It may be semantic and I'm sure it's fundamentally flawed, we are talking about predicting the future which is fundamentally flawed concept. 

I don't think it's anti-globalist, I've been trying to describe a global trade network between the UK, US & Asia. 

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1 hour ago, DoubleOhStephan said:

The efficiency is made by reducing bureaucracy and all costs associated with that.

While any business would welcome a reduction in red tape and bureaucracy I don't believe that the current UK government can be trusted to do that...

Frinstance, I've recently been lumbered with a number of surveys I'm legally bound to fill in for the Office of National Statistics (on pain of a £5k fine). What's deeply annoying is that I also have to provide exactly the same info to another branch of government (HMRC), just in a different format.

Not only that, but another new law has just appeared where any business storing data on a computer or even just having cctv has to pay a fee of up to £2900 to the Information Commissioners office... 

Neither of these are likely to help businesses cope with the rest of the "opportunities" that the country has democratically foisted on them!

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1 hour ago, DoubleOhStephan said:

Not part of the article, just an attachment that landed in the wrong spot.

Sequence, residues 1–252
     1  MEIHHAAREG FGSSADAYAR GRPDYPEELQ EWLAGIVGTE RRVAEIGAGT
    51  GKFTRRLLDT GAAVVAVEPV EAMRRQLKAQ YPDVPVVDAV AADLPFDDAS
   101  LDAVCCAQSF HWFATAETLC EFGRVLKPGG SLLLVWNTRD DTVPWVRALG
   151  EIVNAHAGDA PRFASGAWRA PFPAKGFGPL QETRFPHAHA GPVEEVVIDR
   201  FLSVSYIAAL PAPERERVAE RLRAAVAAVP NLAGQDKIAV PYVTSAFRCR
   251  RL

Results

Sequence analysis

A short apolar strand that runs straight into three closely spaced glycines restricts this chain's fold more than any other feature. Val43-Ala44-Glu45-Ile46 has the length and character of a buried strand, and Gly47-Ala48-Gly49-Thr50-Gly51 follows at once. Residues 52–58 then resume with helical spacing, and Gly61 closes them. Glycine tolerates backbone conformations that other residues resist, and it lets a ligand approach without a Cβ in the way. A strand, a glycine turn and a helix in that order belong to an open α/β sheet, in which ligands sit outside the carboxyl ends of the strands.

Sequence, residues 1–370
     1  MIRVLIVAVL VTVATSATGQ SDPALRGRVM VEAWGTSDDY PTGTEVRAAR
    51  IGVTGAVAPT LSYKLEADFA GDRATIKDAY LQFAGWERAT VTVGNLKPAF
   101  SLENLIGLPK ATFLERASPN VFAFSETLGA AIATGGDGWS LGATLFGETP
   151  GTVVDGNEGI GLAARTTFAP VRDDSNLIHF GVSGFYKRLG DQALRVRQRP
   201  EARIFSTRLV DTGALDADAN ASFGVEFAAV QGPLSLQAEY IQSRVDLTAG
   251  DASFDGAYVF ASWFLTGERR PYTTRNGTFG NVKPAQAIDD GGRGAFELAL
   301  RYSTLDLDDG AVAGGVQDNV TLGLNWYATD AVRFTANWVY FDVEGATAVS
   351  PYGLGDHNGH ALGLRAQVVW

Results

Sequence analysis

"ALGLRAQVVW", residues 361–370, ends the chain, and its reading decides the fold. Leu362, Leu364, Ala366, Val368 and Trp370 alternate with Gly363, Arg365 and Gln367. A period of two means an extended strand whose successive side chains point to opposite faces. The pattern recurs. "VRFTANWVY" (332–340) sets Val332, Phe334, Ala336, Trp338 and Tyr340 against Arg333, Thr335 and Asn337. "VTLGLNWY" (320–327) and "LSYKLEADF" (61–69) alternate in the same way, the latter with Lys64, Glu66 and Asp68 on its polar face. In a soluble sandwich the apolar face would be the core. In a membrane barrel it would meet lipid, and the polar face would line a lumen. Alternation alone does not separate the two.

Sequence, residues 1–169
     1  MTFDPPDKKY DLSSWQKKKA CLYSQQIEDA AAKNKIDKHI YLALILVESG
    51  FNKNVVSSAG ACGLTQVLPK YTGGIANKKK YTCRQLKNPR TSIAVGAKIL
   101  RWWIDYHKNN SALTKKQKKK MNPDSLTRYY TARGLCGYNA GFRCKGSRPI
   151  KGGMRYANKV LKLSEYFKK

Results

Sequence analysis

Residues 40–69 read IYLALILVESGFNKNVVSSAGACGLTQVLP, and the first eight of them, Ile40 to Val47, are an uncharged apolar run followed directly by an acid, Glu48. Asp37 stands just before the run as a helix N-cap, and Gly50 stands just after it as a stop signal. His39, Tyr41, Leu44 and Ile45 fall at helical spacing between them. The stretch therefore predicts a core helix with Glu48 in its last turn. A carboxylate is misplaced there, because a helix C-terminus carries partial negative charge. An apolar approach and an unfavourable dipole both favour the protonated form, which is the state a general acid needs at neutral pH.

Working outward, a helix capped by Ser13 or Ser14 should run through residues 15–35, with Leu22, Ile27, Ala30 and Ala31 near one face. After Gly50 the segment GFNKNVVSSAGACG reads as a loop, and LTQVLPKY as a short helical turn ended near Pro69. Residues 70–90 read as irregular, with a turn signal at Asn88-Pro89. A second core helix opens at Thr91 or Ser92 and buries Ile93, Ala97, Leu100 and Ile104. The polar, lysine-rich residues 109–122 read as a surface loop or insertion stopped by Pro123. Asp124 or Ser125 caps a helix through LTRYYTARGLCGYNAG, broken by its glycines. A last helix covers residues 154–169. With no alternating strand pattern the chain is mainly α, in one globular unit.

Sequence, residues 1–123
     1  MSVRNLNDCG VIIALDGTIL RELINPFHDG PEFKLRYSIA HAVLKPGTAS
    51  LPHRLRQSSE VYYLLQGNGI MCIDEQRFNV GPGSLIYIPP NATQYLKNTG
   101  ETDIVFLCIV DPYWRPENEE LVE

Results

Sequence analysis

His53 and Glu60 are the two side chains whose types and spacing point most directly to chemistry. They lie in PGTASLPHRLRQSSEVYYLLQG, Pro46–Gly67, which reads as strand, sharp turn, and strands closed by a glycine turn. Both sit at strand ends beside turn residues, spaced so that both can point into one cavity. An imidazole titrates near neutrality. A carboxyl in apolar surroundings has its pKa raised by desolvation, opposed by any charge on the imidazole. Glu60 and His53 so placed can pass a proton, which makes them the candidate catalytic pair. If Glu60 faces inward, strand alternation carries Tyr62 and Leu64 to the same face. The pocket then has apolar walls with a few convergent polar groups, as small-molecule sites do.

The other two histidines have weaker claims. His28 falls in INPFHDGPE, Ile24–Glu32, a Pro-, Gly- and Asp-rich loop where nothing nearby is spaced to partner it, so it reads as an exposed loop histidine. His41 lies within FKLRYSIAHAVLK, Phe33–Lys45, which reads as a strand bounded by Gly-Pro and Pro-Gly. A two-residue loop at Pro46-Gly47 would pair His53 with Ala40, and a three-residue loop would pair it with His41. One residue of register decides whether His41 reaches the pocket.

As I said, this isn't removing or reducing standards. The efficiency is made by reducing bureaucracy and all costs associated with that. 

Its exactly the same principle as your complaint about visas. An increase in red tape (special visas) means increased bureaucracy (to process the paperwork), meaning increased costs and slower turnaround time. Remove the special visas and you instantly reduce the cost of bureaucracy. 

It may be semantic and I'm sure it's fundamentally flawed, we are talking about predicting the future which is fundamentally flawed concept. 

I don't think it's anti-globalist, I've been trying to describe a global trade network between the UK, US & Asia. 

Do you think trading with America or the Far East is a particularly good idea, bearing in mind the distances involved and the need to cut down on unnecessary transportation?

You also didn’t answer my earlier question when  I asked what you thought our farmers would do when our market is flooded with American cheap food.

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2 minutes ago, ambient said:

Do you think trading with America or the Far East is a particularly good idea, bearing in mind the distances involved and the need to cut down on unnecessary transportation?

Yes

3 minutes ago, ambient said:

You also didn’t answer my earlier question when  I asked what you thought our farmers would do when our market is flooded with American cheap food.

I did... 

3 hours ago, DoubleOhStephan said:
4 hours ago, ambient said:

What happens to our farmers and food producers whilst we’re importing cheap American stuff?

I expect most with diversify, lots are already doing that. Prehaps specialist breeds or something?